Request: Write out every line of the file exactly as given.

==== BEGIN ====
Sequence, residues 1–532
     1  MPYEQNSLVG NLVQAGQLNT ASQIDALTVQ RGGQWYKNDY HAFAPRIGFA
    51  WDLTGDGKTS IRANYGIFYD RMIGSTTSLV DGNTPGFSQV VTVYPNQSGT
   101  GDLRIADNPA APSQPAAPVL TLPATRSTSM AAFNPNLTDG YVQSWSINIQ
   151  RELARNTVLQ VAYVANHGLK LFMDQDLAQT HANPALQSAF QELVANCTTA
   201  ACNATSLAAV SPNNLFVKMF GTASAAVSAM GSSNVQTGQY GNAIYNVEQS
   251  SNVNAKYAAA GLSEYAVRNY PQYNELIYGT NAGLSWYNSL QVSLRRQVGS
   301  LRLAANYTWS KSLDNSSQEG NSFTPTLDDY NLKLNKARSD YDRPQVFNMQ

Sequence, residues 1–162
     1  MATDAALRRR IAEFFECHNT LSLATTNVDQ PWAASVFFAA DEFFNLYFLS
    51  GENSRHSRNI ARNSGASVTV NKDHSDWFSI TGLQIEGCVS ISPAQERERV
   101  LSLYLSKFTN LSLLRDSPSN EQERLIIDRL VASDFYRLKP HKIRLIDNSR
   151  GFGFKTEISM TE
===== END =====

Sequence, residues 1–532
     1  MPYEQNSLVG NLVQAGQLNT ASQIDALTVQ RGGQWYKNDY HAFAPRIGFA
    51  WDLTGDGKTS IRANYGIFYD RMIGSTTSLV DGNTPGFSQV VTVYPNQSGT
   101  GDLRIADNPA APSQPAAPVL TLPATRSTSM AAFNPNLTDG YVQSWSINIQ
   151  RELARNTVLQ VAYVANHGLK LFMDQDLAQT HANPALQSAF QELVANCTTA
   201  ACNATSLAAV SPNNLFVKMF GTASAAVSAM GSSNVQTGQY GNAIYNVEQS
   251  SNVNAKYAAA GLSEYAVRNY PQYNELIYGT NAGLSWYNSL QVSLRRQVGS
   301  LRLAANYTWS KSLDNSSQEG NSFTPTLDDY NLKLNKARSD YDRPQVFNMQ

Sequence, residues 1–162
     1  MATDAALRRR IAEFFECHNT LSLATTNVDQ PWAASVFFAA DEFFNLYFLS
    51  GENSRHSRNI ARNSGASVTV NKDHSDWFSI TGLQIEGCVS ISPAQERERV
   101  LSLYLSKFTN LSLLRDSPSN EQERLIIDRL VASDFYRLKP HKIRLIDNSR
   151  GFGFKTEISM TE